How Hubspot uses vulnerability for performance

How Hubspot uses vulnerability for performance

Hubspot, a cloud-based customer relationship management company, is known for its employee-centric culture and, more importantly, its ability to to support that culture. That landed it the coveted number-one spot on Glassdoor’s best places to work list in 2019, moving to number two in 2022.

So, it felt aligned when Hubspot began offering free therapy for its employees. But, while this employee benefit shows that it cares about employee mental health, how does it ensure its day-to-day behaviors and company culture support it as well?

Hubspot’s strategy? Vulnerability.

Make It Part of Your Operating System

If your eyes glazed over as soon as the topic of vulnerability came up, I get it. It’s a concept that’s often talked about, but not many people, let alone companies, know how to show it, let alone have perfected it. Neither has Hubspot. “We are not the poster children for achieving this just yet, because I think it’s a work in progress. And always probably will be,” Katie Burke, Hubspot’s chief people officer shared with me in a recent conversation.

Hubspot’s goal is progress over perfection as it integrates these values into daily habits across a company of over 7,000 people. To ensure it makes lasting change, Hubspot leadership decided to build the behaviors needed to care for its business and the people into its operating system, which governs how and what a company focuses on.

In short, the leadership team made sure their walk matched their talk in three key ways.

Listen and share

Listening to your employees is a best practice that helps an organization meet or exceed financial targets, have high customer satisfaction and retention, and adapt better to change. Leaders hear about issues earlier and more often, and employees are often more likely to share solutions and ideas when they are first shown the company cares about what’s important to them as individuals. That is where Hubspot starts.

Listening in one-on-one meetings with employees and their leaders, formal programming, and pulse checks help Burke be clear on what Hupspotters want right now: transparency, autonomy, and living rich lives outside of work.

To avoid being overly positive, leaders share their struggles and failures too. “If you believe in the value of transparency, you inherently believe that you should share the stuff that isn’t perfect,” Burke shared.

Burke believes that the other two employee desires, autonomy and having a rich life outside of work, are strongly linked. The flexibility Hubspot grants its hybrid workforce helps create space during the day to do the things that matter to individuals, like exercise, disconnecting for lunch or breaks, attending family events, or leaving early.

Leadership’s Role In Vulnerability

One of the disconnects I’ve observed in companies is when the top leadership decides something is important but fails to equip their leaders to sustain or improve it. These performative stances lead to little change, and employees quickly realize these issues aren’t as valued as the company says they are.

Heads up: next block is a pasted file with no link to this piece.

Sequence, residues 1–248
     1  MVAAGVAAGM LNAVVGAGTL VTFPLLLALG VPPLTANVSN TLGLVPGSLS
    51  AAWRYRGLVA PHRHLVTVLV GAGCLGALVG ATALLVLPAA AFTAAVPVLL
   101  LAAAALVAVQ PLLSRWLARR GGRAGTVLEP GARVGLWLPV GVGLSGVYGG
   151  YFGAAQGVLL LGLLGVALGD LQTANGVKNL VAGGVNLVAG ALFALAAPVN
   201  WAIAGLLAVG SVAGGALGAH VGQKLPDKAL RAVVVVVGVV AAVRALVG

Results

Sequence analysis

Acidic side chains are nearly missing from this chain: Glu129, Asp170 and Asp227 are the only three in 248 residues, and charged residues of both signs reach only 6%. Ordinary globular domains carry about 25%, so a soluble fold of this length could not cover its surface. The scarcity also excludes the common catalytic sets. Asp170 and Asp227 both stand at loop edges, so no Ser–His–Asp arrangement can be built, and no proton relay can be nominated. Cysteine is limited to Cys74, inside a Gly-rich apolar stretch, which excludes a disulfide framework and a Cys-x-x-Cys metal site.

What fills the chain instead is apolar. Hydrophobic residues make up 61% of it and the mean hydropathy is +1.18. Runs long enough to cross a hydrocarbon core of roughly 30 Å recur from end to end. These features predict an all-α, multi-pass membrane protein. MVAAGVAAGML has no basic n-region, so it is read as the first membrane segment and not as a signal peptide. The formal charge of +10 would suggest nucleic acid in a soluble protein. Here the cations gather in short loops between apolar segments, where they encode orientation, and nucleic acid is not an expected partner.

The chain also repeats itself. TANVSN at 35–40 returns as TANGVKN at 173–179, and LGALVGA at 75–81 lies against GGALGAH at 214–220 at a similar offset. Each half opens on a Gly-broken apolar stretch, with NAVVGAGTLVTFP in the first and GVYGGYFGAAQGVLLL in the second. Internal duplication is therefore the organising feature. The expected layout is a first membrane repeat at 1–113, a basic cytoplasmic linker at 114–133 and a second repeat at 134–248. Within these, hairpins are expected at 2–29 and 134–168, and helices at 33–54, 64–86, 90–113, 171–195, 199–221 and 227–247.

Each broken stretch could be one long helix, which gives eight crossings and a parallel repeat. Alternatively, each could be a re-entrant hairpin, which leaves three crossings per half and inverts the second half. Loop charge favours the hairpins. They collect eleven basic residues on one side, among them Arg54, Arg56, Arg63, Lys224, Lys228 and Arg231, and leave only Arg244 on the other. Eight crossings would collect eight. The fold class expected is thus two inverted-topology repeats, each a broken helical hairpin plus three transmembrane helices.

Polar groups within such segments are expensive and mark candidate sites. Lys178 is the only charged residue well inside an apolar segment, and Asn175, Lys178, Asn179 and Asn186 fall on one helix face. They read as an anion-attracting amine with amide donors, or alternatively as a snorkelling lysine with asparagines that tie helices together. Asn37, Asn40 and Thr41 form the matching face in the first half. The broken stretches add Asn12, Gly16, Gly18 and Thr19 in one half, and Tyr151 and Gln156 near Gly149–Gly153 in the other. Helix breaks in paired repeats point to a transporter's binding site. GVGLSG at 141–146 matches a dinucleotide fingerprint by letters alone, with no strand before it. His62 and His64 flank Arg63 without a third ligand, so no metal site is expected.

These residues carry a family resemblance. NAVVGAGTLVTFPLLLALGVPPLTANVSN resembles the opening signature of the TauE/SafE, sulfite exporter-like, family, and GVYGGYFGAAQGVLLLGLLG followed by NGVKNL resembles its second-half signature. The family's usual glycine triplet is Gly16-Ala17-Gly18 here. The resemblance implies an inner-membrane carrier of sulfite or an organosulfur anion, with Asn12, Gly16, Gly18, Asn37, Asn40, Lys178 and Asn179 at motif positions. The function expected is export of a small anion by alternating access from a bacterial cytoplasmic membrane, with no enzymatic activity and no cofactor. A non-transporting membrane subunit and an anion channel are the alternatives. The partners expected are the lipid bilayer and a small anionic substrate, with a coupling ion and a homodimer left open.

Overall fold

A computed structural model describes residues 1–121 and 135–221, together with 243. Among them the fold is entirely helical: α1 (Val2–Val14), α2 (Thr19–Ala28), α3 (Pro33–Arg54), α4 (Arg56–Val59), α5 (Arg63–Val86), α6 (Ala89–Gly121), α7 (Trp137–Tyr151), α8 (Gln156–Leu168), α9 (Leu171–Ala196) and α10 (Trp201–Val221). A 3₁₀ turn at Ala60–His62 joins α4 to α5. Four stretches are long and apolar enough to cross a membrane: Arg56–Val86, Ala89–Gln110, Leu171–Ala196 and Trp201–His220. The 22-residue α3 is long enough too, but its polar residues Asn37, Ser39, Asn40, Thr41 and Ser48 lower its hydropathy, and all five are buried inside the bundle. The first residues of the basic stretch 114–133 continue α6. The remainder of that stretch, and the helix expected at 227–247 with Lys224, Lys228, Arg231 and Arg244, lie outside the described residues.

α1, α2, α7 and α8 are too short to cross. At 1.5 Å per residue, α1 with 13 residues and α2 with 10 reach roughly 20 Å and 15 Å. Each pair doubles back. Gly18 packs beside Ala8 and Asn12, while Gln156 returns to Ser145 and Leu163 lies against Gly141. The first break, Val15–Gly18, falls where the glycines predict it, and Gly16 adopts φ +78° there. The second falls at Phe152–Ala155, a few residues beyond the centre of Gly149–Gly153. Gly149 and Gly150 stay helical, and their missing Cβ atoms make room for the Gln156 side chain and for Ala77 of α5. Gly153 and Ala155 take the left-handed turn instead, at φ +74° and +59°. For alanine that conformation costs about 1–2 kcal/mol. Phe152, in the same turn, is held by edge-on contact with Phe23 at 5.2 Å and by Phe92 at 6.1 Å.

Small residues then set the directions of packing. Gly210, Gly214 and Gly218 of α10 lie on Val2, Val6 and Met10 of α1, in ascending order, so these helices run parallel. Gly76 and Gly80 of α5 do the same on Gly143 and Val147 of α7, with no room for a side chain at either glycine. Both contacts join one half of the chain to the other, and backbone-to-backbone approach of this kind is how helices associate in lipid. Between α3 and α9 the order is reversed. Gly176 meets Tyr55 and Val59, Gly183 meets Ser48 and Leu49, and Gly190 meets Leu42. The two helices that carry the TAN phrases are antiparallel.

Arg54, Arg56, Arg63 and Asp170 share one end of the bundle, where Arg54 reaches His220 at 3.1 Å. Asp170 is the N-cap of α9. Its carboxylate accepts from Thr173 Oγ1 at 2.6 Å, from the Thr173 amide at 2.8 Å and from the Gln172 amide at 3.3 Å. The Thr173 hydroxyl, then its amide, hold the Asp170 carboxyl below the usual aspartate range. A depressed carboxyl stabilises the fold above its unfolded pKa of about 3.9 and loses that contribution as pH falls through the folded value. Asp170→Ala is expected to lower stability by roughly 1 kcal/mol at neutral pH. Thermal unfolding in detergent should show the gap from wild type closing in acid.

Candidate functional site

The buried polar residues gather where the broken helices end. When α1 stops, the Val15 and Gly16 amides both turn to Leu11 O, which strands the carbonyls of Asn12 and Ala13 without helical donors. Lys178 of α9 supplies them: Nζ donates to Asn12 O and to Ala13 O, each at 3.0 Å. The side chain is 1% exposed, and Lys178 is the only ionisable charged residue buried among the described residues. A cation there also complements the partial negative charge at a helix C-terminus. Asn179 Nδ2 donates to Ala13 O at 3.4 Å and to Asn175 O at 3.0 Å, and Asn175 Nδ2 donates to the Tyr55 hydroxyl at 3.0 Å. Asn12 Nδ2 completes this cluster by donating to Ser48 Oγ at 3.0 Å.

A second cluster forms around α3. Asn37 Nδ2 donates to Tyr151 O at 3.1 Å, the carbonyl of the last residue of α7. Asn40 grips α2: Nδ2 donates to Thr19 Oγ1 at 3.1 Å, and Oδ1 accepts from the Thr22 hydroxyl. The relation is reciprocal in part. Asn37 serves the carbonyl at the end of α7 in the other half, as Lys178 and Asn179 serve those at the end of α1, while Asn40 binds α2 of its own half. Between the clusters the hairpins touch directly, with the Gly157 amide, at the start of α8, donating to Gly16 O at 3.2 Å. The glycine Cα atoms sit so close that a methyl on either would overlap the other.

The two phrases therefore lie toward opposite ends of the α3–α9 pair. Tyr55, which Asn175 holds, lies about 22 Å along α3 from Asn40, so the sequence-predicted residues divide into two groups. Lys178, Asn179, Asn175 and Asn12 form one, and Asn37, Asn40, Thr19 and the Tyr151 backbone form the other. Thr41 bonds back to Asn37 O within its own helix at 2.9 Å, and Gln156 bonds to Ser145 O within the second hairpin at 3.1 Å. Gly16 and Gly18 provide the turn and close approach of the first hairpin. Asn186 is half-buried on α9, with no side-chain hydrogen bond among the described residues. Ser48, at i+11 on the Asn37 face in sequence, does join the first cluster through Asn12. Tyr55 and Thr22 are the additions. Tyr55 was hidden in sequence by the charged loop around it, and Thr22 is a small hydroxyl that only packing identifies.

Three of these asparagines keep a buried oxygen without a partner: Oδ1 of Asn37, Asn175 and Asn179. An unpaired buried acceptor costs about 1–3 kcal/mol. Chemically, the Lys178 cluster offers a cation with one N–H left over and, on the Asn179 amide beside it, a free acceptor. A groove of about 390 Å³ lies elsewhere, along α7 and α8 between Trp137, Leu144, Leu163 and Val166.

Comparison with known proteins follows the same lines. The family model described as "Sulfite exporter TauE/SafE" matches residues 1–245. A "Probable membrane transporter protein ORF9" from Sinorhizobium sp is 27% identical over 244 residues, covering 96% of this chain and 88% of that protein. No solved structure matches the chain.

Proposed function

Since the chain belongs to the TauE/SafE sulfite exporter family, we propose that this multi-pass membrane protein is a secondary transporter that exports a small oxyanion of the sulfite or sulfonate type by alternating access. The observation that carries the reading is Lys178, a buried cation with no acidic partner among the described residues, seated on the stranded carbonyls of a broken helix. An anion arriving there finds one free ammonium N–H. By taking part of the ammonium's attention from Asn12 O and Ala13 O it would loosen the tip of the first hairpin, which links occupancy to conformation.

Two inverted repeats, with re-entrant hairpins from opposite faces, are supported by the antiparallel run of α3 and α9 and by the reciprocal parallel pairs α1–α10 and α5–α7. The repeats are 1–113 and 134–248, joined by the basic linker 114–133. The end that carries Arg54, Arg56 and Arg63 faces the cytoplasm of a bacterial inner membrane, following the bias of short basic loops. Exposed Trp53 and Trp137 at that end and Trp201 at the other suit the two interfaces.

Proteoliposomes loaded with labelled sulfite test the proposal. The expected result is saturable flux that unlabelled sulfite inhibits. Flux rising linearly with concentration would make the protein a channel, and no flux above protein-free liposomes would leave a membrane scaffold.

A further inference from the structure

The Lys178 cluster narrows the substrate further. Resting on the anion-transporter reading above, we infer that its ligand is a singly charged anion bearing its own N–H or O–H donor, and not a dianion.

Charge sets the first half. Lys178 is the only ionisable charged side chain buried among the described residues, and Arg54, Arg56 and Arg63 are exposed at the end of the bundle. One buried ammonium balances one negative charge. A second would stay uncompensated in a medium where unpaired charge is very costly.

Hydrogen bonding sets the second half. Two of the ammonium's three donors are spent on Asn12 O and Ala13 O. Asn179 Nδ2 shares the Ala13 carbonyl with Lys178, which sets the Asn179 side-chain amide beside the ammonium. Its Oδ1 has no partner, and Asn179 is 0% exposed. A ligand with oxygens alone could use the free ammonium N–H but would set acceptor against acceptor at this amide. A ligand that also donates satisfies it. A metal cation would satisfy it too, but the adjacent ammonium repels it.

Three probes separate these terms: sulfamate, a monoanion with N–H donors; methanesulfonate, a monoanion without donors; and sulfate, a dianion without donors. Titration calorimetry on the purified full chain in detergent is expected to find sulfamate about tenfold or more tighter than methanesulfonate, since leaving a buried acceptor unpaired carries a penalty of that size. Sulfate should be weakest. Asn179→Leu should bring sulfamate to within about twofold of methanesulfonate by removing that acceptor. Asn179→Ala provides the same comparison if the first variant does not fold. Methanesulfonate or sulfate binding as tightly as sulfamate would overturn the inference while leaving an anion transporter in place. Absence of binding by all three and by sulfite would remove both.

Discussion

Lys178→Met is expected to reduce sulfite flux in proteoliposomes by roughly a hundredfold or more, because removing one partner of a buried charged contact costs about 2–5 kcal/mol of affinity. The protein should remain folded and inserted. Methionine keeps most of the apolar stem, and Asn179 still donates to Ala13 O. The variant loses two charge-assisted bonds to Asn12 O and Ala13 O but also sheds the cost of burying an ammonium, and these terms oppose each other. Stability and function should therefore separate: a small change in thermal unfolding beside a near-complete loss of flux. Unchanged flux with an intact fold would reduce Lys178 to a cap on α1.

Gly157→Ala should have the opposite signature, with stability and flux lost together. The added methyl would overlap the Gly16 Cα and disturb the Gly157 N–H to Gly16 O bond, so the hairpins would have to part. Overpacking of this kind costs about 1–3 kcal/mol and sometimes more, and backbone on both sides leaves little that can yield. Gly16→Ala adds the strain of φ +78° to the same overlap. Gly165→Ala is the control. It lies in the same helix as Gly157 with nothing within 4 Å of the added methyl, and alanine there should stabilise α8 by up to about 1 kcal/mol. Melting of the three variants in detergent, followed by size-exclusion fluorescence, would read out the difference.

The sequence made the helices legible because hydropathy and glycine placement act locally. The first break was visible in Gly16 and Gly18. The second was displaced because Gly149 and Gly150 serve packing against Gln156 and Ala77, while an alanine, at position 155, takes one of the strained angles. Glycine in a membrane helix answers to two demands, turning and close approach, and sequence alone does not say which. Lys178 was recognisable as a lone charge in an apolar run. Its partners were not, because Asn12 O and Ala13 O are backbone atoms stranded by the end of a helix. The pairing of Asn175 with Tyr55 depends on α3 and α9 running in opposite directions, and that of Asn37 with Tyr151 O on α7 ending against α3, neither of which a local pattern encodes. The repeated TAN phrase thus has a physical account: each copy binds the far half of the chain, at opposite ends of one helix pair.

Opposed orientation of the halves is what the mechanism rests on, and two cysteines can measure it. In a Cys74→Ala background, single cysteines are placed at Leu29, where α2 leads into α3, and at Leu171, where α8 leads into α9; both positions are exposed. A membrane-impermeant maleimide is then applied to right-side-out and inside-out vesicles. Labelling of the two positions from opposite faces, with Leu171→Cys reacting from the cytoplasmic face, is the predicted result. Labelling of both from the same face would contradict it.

At Hubspot, that means ensuring leaders understand how vulnerability helps, providing them with the tools they need to improve their own performance while helping others do the same, and, according to Burke, letting them choose their own adventure when it comes to vulnerability.

“The goal is not for everyone to spill their guts on every call,” she said. The goal is to create space for people to share little pieces of what matters to them or their story in a way that drives connection and makes them feel like they belong in our workplace. And that they don’t have to be perfect at HubSpot or in their daily professional life.”

And during times where burnout or stress creep in, and a reset is needed, leaders and their employees can join one of Hubspot’s “failure forums.” These forums allow for Hubspotters to voluntarily share stories about mistakes they’ve made and what they’ve learned from them.

Make it part of your DNA: Embed it into the operating system

Hubspot delivers three additional strategies it uses to embed vulnerability into its operating system.

Week of rest

In 2021 it introduced a “week of rest,”during which most of the company stepped away or drastically reduced their workloads to recharge, and it went so well that it continued in 2022 as part of its long-term plan to prevent and address burnout. When the majority of the staff is out of the office simultaneously intending to disconnect, there’s less motivation to keep working and reduced fear of missing out on something. This collective time away offers an opportunity to rest and refuel.

Deep work Fridays

Husbpot provides opportunities to slow down and reflect with deep work Fridays. No meetings are held. Employees are encouraged to use this time to recharge, prep, or move into deep work. I’ve practiced deep work periods for years and swear by Cal Newport’s findings that 90-minute increments of undistracted work can help you get more and better work done.

Skill building

Displaying vulnerability is a skill that, when practiced, we get better at. While the best learning happens on the job with what’s embedded in a day-to-day operating system, Hubspot also offers training and tools. Its course, Rethinking Resilience, is a hybrid workshop designed to reduce stress and increase control in energy, performance, and overall well-being.

The other tools Hubspot provides, like diversity, equity, and inclusion discussion kits, aren’t focused on prescribing how Hubspotters should work. That strategy, Burke shared, is key to honoring employees’ different styles and preferences.

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